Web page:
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ARM chips running at 3GHz on the cards for next year

by Mark Tyson on 11 July 2013, 09:45

Tags: ARM, Intel (NASDAQ:INTC), TSMC, GLOBALFOUNDRIES

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ARM SoCs are set to be speed cranked next year as both TSMC and GlobalFoundries have revealed they plan to release chips running at 3GHz sometime in 2014. Phys.org reports that the current fastest ARM chips are clocked at about 2.3GHz, and most are around 1.6GHz, so the new chips should provide quite a bit more oomph.

Both TSMC and GlobalFoundries will be moving their chip making process to 20nm, down from the current smallest scale they can work on which is 28nm. As well as allowing the manufacturers to make faster chips without extra cooling considerations, the process shrink also has the ability to bring with it a reduction in power consumption.

Intel are snapping at ARM's heels, aiming to take a big bite out of the mobile and tablet processor cake. Currently it is just a bit part player in this market but has been talking up the efficiency, bang-per-watt, of its scalable Silvermont cores which it intends to have available in devices in time for Xmas, in smart-connected devices packing the BayTrail Atom chips. These new Intel chips will be built on the 22nm Fin FET process with 3D transistors and it sounds like they will be available several months before ARM's improved efforts from manufacturers TSMC and GlobalFoundries. We saw some leaked early Android AnTuTu benchmark results only last week, which showed a BayTrail T processor in a very good light.

We will have to wait and see what dent on ARM's market share the Intel Silvermont chips can make and also what real world advantages they might bring compared to competitor chips. ARM and its partners aren't standing still of course and we will see other improvements alongside this process shrink by TSMC and GlobalFoundries next year.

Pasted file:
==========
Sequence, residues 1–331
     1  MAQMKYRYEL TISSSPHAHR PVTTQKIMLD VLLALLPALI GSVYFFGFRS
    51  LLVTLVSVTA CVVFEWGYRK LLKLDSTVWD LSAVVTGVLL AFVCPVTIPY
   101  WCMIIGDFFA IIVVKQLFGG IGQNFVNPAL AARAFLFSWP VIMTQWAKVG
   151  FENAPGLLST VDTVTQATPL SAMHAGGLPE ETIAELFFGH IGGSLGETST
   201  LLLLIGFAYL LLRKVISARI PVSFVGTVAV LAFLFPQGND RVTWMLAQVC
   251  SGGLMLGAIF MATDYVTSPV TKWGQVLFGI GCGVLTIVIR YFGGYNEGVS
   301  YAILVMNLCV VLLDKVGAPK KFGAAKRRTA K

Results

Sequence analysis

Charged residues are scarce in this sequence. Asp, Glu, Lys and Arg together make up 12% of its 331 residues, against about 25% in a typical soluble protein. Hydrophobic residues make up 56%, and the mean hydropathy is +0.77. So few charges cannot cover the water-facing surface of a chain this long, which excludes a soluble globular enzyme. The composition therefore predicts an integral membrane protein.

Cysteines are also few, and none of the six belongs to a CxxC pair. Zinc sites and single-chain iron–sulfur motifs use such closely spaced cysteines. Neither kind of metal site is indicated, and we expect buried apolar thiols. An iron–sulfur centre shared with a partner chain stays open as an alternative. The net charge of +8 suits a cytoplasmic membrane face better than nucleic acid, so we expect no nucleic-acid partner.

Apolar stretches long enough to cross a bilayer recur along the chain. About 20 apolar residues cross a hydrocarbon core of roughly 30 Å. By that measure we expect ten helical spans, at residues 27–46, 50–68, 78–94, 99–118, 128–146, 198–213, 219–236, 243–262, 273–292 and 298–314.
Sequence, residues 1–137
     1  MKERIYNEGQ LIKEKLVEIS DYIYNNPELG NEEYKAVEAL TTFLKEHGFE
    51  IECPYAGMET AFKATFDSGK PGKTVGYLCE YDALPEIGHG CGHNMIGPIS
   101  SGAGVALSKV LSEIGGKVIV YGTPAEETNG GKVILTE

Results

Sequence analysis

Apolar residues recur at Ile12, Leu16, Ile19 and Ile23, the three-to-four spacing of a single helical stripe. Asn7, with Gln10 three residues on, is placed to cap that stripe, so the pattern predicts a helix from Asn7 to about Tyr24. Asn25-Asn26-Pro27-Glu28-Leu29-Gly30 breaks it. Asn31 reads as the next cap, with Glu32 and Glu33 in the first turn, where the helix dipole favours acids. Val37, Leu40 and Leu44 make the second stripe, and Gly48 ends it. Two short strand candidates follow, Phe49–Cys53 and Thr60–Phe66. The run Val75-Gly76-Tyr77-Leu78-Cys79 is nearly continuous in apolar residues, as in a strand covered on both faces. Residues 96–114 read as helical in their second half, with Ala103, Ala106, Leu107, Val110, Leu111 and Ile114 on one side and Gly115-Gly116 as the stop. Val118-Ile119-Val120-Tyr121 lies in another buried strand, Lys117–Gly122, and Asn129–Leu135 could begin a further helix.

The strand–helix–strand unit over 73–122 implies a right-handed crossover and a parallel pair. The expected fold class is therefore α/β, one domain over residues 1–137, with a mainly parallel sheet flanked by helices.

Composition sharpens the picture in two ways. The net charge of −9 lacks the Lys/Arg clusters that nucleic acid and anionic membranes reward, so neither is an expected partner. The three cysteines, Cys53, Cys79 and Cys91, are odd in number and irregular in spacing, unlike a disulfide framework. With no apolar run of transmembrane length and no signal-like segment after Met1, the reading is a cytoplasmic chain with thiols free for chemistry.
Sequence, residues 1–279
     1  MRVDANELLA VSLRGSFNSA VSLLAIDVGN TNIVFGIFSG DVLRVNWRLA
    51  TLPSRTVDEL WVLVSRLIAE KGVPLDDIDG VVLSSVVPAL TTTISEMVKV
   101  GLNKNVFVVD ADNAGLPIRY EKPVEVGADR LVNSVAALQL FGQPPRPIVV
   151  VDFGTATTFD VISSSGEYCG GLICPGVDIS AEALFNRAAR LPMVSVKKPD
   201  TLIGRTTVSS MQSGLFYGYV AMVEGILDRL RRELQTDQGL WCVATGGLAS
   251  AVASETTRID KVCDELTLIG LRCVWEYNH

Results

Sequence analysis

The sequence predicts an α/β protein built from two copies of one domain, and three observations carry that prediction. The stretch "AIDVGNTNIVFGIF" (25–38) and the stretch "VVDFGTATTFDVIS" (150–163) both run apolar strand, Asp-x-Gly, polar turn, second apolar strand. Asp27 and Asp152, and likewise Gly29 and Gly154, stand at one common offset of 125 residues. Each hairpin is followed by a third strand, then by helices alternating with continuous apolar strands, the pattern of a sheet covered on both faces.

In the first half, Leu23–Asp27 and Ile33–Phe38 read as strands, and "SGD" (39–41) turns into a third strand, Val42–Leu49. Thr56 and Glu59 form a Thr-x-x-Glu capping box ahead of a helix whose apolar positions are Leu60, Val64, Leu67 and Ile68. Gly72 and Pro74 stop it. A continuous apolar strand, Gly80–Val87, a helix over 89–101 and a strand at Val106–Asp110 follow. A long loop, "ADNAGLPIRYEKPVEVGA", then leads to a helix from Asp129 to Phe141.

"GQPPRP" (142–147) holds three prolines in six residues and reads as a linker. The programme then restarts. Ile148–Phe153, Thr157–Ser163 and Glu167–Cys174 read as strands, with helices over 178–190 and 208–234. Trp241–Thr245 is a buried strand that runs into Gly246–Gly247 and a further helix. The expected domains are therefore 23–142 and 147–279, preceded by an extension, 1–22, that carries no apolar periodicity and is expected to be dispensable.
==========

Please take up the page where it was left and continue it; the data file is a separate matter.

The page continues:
HEXUS Forums :: 5 Comments

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There's going to be a point where ARM boost Mhz for Power and Intel engineer lower power consumption and both technologies will reach a vergence of equality.

There's no doubt Intel have the resources and technology partnerships to shrink dies down faster than anyone else right now, 14NM has slipped to 2015 though maybe TSMC and Co will have similar delays or seize the opportunity to catch-up?

The x86 architecture lends itself to easier multi platform software….their challenges has included power consumption versus ARM and being able to break into a portable market dominated by software developed for ARM and it's partners.

This battle is getting interesting because ARM's biggest challenge has been creating a complete ecosystem on platforms beyond phones, tabs and smart TV's, but they rely on developers to do this for them which is why Microsoft finally getting on-board to do this has been a great help to anyone not engaged in iOS.

The actual market is looking mighty crowded, with so many players in it, but this competition will be good for the consumers :)
maverik-sg1
There's going to be a point where ARM boost Mhz for Power and Intel engineer lower power consumption and both technologies will reach a vergence of equality.

Not sure anyone cares about equality tbh.